Conservative failure has gifted Levelling up to Labour
Labour Together's editorials on the pressing issues of the day are based on the politics of Labour's Covenant. As summer recess approaches and with Boris Johnson gone, in this editorial we take stock of Labour's political situation.
Boris Johnson has gone. Labour overinvested its opposition in moral attacks on his character, at the expense of defining its own politics. Now it must set out its alternative to this government. It has a small poll lead, but it should be far more significant at this point in the electoral cycle with a government that’s been in a constant state of free fall. Labour is ‘back on the pitch’, but it has yet to instil enthusiasm in the voters. The national mood is indifference to both major parties. Nothing is a better guage of this malaise than levelling up.
Levelling up was the promise of a new fairer economic model for the country. In Wales and England majorities voted to leave the EU for a sea change in who the economy worked for and how the UK was governed. The desire for independence in Scotland has also been for a better kind of economy that breaks with the liberal market orthodoxies of Westminster. People who had given up on democracy voted for hope. Six years on, the UK's economic model of growth, already failing inside the EU, simply no longer functions in the interests of the majority of working people. And yet Westminster is unable to act, immobilised by political inertia.
Levelling up is a complex systems problem. There is no quick fix, no attractive retail offer that promises an immediate electoral return. It aims to rebalance, update and repair the national economy so that it works for the great majority of people and in the interests of a shared national prosperity spread across all regions of the United Kingdom. To achieve this and to build new industries from the ground up requires a model of government and an approach to governance capable of managing complexity and investing for the long term.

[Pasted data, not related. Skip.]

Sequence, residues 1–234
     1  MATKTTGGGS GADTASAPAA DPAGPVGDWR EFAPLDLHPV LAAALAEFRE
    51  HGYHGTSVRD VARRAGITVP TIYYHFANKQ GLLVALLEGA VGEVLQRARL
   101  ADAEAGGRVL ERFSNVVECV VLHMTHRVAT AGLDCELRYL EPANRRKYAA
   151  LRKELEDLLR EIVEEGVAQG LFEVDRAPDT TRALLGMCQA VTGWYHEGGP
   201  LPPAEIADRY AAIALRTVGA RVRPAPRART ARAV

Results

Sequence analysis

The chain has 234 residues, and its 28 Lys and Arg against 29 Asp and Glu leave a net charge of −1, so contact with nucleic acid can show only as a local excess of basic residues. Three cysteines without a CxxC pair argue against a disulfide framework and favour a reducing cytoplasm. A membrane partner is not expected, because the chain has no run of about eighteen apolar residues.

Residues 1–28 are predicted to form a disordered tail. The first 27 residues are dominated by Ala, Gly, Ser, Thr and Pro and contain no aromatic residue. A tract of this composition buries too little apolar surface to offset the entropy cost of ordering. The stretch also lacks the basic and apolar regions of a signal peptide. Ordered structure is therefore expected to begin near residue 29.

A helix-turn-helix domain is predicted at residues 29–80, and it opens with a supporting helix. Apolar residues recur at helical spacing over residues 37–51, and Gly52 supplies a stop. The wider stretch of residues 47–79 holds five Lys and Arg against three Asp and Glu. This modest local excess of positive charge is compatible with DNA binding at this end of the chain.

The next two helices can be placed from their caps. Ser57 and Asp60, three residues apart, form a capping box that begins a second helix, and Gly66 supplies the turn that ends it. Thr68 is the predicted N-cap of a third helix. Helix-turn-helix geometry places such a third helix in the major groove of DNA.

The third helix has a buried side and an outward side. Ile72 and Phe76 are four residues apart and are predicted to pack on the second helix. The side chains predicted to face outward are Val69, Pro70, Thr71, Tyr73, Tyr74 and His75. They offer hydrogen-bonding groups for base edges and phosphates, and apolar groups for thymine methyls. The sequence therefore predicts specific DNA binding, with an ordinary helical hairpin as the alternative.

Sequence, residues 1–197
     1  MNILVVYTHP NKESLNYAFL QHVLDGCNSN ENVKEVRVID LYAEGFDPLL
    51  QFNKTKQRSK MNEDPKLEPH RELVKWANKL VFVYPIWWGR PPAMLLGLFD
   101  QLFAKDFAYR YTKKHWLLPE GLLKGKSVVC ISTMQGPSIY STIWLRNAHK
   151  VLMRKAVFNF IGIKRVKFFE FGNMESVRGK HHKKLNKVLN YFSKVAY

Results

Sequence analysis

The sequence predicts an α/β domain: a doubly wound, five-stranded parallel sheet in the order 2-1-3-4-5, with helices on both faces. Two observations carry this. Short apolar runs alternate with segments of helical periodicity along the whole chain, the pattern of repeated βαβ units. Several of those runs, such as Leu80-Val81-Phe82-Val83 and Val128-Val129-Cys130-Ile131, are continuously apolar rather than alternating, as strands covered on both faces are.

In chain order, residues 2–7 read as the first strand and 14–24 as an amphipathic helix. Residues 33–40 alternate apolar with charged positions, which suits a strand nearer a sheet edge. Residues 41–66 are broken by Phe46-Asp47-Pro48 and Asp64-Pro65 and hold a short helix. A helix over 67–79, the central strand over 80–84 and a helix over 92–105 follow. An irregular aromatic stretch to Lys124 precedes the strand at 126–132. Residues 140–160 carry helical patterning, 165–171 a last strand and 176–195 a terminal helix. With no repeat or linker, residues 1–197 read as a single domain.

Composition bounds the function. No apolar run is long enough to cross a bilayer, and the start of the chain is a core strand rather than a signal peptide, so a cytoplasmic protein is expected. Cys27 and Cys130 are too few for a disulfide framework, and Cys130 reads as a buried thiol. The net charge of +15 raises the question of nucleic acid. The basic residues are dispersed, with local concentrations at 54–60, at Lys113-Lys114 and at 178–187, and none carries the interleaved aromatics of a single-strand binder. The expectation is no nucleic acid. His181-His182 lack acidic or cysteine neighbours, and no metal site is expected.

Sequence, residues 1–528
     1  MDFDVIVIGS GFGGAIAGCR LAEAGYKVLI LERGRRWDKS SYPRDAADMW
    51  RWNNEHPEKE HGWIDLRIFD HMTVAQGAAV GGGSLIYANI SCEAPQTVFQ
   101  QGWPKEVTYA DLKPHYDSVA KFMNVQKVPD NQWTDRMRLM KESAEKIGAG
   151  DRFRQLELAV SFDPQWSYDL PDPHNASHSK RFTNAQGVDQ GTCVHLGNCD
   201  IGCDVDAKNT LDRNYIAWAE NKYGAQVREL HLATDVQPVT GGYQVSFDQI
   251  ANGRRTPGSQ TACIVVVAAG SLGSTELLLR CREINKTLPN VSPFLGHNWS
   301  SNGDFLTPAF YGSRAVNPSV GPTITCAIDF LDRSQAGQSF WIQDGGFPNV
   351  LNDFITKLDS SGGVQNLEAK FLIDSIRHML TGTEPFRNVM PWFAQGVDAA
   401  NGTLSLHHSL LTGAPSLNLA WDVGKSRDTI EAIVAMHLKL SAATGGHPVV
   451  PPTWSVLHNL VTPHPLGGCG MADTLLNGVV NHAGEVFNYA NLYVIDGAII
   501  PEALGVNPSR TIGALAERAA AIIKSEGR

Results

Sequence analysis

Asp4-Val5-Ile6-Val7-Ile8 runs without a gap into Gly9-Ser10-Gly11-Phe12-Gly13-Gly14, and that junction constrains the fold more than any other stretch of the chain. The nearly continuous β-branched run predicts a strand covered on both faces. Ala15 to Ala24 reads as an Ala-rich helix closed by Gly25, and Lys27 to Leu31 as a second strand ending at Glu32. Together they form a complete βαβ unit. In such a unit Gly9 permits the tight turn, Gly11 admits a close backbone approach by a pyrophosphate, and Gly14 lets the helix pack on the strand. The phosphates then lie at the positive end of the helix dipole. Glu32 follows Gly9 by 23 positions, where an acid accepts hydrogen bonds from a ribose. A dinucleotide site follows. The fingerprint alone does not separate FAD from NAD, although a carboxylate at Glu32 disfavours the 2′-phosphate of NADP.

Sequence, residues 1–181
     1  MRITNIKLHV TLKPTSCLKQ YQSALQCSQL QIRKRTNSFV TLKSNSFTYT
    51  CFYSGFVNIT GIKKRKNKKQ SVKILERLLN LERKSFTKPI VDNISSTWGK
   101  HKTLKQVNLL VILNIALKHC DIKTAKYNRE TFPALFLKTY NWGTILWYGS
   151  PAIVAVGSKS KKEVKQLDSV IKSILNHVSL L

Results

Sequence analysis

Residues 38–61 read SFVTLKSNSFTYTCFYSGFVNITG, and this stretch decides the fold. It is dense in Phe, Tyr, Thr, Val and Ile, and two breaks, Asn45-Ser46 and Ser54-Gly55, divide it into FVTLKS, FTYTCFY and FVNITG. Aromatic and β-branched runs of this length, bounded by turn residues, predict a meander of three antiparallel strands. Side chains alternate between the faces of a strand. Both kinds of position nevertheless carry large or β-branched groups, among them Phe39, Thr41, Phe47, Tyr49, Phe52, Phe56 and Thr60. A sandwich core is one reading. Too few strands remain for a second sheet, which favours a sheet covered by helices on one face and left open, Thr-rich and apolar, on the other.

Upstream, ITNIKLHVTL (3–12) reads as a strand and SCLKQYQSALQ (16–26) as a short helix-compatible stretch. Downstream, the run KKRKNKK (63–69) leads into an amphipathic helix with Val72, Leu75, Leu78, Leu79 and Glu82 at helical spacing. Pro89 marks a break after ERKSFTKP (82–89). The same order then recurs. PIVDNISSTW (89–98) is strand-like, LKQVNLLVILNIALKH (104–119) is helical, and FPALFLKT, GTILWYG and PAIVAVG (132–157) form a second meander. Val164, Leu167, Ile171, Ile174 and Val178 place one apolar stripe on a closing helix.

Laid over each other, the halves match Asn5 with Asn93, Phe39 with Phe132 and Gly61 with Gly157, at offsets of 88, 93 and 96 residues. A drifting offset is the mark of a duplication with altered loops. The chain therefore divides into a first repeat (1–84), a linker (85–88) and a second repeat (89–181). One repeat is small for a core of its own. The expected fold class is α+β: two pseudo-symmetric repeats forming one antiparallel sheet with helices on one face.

This means breaking with the top down and technocratic (sometimes grandiose) approach to policy making that has too frequently ended in expensive failure. Instead levelling up needs a democratic approach to policy making in which the combined forces of the public sector, private sector, trade unions, civil society and local community, work together in reciprocal agreement and incremental action for the common good.
This revolutionary shift in the approach to government and governance cannot simply be achieved by fiat. It first requires an organising narrative within a political leadership which provides a clear sense of strategic purpose and a road map out of the old technocratic over-centralised order and into a new democratic settlement. This will enable a national leadership to assemble a coalition of political actors and illustrative policies and practices capable of shifting the total complex system toward a dynamic of subsidiarity, democracy and reciprocity. The point is that central government cannot enact levelling up, it has to facilitate multiple actors to do so over generations. Above all things, levelling up is about generating devolved leadership for brokering and convening relationships and partnerships across society and the economy.
The Conservatives responded to political realignment with their White Paper on Levelling Up. Despite a sophisticated analysis of the UKs regional disparities in wealth, income and opportunities, the party has struggled with implementation. Read Chapter 3 of the White Paper. There is a bewildering number of plans, strategies, targets, initiatives, funds and visions without any sense of how this complexity will be guided and sustained in government. Boris Johnson lacked the attention span to implement it, but with him gone there appears to be little interest in bringing levelling up under a national strategic leadership. The problem for the Tories is the absence of policy and a guiding political philosophy. Hence the likelihood of the restoration of a worn out market liberalism.